Supreme Court Justice Medina takes heat from Ethics Commission
Texas Supreme Court Justice David Medina has run afoul of state authorities for failing to file a personal financial statement on time, then not paying the required $500 late fee, according to documents from the Texas Ethics Commission.
State officeholders and candidates were required to file the annual statement of personal assets and investments on April 30. A member of the state’s highest civil court since 2004, Medina did not file his statement until June 30 and has not paid the $500 late fee. He did not immediately respond a request for comment Friday.
Medina’s case has been referred to the Office of the Attorney General for collection of the $500 and to the Comptroller’s Office for warrant hold proceedings, according to a letter dated July 22 to Medina from Becky L. Levy, director of the TEC’s disclosure filings division.
Referral to the Comptroller’s warrant hold proceedings means Medina’s salary could be withheld until his debt to the state is settled. The annual salary for a Supreme Court associate justice is $150,000.
Levy sent letters to Medina on March 30 reminding him of the April 30 deadline, on May 18 notifying him of the delinquency and again on June 2 saying the TEC would refer him to the AG and comptroller.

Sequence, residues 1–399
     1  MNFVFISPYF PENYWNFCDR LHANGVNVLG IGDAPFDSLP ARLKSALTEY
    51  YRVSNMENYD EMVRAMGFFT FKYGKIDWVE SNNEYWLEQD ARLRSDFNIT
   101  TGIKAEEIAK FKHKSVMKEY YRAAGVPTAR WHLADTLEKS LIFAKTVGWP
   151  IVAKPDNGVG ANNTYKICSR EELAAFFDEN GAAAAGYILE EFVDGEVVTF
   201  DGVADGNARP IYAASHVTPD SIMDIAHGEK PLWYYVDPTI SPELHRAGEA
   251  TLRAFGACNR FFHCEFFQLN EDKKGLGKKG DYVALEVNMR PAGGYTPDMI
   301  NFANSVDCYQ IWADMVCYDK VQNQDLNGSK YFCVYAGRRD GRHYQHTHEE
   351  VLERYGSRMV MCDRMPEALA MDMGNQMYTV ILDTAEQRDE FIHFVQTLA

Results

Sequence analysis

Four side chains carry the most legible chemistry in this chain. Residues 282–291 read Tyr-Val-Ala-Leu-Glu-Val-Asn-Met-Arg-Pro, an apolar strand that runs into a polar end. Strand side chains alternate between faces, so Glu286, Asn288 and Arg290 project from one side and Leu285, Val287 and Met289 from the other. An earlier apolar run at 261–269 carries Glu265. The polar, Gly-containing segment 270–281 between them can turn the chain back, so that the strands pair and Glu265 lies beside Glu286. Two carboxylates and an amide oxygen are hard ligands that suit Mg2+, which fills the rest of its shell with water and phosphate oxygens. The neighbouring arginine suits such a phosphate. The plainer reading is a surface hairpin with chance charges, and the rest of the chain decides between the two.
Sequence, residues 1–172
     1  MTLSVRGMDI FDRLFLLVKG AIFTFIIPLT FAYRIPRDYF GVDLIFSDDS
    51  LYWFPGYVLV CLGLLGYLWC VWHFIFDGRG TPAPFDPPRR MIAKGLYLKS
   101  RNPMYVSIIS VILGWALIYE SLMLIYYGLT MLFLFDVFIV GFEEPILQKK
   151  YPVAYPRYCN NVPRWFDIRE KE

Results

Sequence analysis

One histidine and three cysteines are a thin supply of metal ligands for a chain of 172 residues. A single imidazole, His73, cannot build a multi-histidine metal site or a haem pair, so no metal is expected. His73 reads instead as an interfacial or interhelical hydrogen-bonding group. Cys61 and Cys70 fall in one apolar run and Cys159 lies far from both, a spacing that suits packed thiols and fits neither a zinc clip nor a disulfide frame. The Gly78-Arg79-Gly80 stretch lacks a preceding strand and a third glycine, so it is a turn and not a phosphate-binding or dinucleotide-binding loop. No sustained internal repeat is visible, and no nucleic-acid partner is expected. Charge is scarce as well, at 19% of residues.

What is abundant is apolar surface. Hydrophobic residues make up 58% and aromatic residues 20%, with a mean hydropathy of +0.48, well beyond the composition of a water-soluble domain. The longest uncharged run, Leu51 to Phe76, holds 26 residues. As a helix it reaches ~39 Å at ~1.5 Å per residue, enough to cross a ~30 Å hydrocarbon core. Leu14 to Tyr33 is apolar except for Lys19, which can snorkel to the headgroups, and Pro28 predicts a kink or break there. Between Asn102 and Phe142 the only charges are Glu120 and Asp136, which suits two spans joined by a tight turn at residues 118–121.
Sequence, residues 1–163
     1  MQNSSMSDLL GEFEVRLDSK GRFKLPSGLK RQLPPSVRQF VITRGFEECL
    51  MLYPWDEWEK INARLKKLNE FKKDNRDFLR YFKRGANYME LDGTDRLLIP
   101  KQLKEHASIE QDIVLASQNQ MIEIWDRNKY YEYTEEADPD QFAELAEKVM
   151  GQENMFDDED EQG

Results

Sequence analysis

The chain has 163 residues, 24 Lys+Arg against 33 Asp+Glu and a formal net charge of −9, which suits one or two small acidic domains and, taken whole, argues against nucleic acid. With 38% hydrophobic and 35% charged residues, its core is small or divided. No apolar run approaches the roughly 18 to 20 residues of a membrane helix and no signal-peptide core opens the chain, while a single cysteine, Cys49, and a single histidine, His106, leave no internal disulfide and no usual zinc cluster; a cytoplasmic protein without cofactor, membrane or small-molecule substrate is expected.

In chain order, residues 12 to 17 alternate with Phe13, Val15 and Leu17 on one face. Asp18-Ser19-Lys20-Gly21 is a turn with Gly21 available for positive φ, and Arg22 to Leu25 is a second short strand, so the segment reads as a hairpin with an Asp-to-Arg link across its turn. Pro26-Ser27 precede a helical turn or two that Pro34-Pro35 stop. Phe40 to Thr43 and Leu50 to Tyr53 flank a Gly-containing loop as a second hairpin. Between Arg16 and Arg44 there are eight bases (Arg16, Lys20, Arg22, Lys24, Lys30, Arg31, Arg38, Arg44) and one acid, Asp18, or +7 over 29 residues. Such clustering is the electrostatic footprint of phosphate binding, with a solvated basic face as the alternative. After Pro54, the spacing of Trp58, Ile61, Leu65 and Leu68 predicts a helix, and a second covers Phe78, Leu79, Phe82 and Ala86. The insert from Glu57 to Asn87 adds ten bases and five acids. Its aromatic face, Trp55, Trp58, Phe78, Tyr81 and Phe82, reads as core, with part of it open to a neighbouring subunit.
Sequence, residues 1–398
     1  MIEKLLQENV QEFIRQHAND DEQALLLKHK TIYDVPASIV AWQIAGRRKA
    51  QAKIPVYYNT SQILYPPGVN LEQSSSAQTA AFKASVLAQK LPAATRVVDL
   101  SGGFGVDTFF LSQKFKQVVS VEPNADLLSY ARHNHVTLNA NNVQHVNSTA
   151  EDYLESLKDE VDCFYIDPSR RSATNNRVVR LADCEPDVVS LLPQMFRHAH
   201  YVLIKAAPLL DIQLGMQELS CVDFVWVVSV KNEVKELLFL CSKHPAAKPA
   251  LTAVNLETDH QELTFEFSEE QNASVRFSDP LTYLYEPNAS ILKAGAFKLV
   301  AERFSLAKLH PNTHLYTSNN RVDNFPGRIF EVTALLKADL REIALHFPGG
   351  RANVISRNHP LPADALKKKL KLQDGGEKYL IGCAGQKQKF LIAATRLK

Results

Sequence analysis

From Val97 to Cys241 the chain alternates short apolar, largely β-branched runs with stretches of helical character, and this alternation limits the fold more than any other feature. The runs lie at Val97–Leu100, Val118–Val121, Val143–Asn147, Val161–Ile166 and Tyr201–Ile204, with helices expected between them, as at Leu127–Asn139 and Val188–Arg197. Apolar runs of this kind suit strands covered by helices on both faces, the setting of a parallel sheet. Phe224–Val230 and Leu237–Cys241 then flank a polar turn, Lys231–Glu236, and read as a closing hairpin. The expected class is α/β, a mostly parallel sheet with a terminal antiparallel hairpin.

The penalty for failing to file a personal financial statement on time ranges from $500 to $10,000 and is determined by the TEC.
In the financial statement, Medina lists his occupation as “Texas Supreme Court Justice” and reports owning stock in Cooper Industries Inc., an electrical equipment company based in Houston and Ireland. Medina has worked as a member of Cooper’s legal team in between his tenures as a judge. He does not report any gifts of more than $250, interest payments, real estate assets or business associations.
Medina is the only state officeholder currently on the TEC’s list of late filers of ethics reports.
It is not the first time Medina has been delinquent with disclosure requirements. According to the Texas Register Archive, maintained by the University of North Texas, Medina failed to comply with campaign finance report requirements on time in 2001, 2002 and 2003, during which time he worked for Cooper.
Medina and his wife were thrust into the spotlight in January 2008, when they were indicted for fabricating evidence and arson, respectively, in connection with a fire that destroyed their Houston-area home in summer 2007. The Harris County District Attorney dismissed the indictments almost immediately. A second jury indicted Francisca Medina in April 2008, but those charges were dismissed in August 2009 due to insufficient evidence.
Medina, who competed on Southwest Texas State University’s karate team, is the subject of a recent YouTube video where he spars with a law clerk, via the Supreme Court of Texas Blog. Medina is next up for election in 2012.
(Photo: Flickr Creative Commons/mrbill)